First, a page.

Legislative Assembly for the ACT: 2005 Week 15 Hansard (Thursday, 15 December 2005) . . Page.. 4913 ..
In fact, from the research my office has undertaken it would appear that only Western Australia has gone for this list price option that is being advanced by the ACT government. I would hope that the Treasurer, unless he has information to the contrary, will correct that inaccurate information that was contained within his tabling speech.
The other important issue on this bill is the proposed requirement to register for payroll tax. There is an increased compliance burden from requiring every employer whose payroll exceeds the monthly threshold to register with the revenue commissioner and be fined up to 250 penalty units, which is about $25,000 for an individual and could be up to as much as $250,000 for a corporation, if he or she fails to register within seven days after the end of the month. Since section 16 of the Payroll Tax Act 1987 requires every employer whose monthly wages paid exceed the tax-free threshold to submit a payroll tax return, nothing seems to be gained from an additional requirement for registration. I have raised the question with the Treasury officials, through Mr Quinlan’s office, and have asked why the payroll tax return cannot be deemed to be an automatic registration. These matters are under consideration, I understand, but I do not think they were warranted to be introduced in this legislation.
Current practice is for an end-of-year adjustment in payroll tax payments to take account of variations in wages paid from month to month. The system is self-correcting and there is nothing to be gained from making it more onerous by having to register within seven days, especially for businesses that are just becoming familiar with payroll tax and are new entrants, if you like, to this tax administration. Again, the Treasurer’s argument for the amendment is that it will bring the ACT into line with other jurisdictions and with the registration requirements of other ACT tax returns. He claims as benefits the opportunity to obtain greater levels of information from companies and the increased capacity of the revenue office to target compliance activities.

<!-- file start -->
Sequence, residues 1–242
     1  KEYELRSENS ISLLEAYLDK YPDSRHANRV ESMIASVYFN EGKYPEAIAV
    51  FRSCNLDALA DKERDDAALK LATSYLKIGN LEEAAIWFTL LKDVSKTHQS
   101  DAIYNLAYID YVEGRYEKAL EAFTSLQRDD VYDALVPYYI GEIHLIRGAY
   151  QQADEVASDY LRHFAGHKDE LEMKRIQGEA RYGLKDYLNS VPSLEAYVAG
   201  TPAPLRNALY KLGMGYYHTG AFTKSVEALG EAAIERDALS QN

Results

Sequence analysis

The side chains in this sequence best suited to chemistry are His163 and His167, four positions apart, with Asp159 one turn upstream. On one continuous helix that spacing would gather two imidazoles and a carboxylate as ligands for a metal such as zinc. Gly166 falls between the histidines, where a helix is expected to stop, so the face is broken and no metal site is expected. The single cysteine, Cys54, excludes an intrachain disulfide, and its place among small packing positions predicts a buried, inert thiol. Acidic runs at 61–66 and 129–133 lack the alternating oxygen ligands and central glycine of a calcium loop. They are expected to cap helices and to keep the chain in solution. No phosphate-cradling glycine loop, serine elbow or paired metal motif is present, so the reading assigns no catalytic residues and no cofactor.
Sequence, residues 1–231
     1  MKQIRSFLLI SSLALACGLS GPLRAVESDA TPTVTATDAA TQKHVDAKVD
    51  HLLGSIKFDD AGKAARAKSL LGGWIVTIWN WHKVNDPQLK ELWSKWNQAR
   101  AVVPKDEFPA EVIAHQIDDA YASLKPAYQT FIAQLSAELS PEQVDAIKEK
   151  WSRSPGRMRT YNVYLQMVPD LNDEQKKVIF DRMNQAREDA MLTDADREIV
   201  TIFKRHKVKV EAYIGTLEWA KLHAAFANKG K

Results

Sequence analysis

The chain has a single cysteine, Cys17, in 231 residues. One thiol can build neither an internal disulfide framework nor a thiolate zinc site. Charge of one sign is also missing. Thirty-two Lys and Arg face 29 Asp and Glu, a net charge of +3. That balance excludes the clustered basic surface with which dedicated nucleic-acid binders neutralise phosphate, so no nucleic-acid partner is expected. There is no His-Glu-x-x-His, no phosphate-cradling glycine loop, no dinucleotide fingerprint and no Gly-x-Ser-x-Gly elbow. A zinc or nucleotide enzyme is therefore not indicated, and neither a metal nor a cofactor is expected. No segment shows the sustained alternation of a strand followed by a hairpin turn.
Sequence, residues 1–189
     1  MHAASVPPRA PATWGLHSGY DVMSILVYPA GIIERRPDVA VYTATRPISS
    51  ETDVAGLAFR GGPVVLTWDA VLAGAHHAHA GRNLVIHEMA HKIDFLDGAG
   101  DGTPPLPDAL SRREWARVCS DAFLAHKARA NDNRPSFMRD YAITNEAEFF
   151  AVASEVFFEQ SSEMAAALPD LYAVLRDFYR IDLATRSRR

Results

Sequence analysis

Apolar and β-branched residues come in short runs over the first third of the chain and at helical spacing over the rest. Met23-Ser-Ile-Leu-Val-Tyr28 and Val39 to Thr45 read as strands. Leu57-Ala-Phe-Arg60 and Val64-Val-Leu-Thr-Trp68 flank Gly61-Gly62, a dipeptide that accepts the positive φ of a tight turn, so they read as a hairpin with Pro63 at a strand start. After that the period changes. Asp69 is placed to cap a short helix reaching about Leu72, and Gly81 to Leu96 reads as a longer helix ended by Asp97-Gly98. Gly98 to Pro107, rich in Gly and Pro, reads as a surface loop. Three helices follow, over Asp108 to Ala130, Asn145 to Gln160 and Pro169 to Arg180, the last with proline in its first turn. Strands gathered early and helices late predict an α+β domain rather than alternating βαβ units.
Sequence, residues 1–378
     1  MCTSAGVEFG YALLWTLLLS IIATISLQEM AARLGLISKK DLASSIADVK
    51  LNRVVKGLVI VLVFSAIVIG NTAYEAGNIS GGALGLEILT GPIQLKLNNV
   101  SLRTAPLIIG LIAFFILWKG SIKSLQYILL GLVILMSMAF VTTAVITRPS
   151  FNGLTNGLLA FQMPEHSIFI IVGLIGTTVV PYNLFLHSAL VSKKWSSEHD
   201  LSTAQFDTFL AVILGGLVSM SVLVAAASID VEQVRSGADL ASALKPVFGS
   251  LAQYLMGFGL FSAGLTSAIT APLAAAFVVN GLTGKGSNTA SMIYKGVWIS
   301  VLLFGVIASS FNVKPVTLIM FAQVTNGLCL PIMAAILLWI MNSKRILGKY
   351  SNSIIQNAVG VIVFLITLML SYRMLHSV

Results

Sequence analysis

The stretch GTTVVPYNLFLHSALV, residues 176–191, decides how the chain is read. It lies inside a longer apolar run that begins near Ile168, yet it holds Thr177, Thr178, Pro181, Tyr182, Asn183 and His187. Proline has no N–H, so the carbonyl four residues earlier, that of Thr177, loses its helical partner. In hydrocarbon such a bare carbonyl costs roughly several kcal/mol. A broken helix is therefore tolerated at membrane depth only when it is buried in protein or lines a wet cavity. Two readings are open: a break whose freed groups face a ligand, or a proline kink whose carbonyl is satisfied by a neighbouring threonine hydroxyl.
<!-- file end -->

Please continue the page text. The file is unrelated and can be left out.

The government’s proposal is in fact anti-business. It adds to paperwork, red tape and compliance costs and runs very contrary to the views constantly espoused by the government that they are a business-friendly government. I say it is anti-business, because for the first time it threatens individuals with penalties of $25,000, and vastly more than that for corporations, if they fail to comply within seven days of lodging this registration. It is an overreaction, it is an extreme penalty that is being applied, and it is not one that the opposition in any way could support.
In order to lighten the burden on business, I foreshadow amendments to the Payroll Tax Act to remove the registration requirement, noting that employers who lodge payroll tax returns are immediately recorded on the revenue office’s database, and to extend the time in which payroll tax returns must be lodged to 21 days after the end of the relevant month, noting that the government is currently having discussions with other jurisdictions about extending the lodgment time for returns. It is not unreasonable to give people 21 days after the end of the month. Seven days is extreme and I would suggest that it is not a time frame that is fair to business. When one attaches the severe penalties that are contained within the legislation, it is, I would suggest, a gross overreaction.
Debate interrupted in accordance with standing order 74 and the resumption of the debate made an order of the day for a later hour.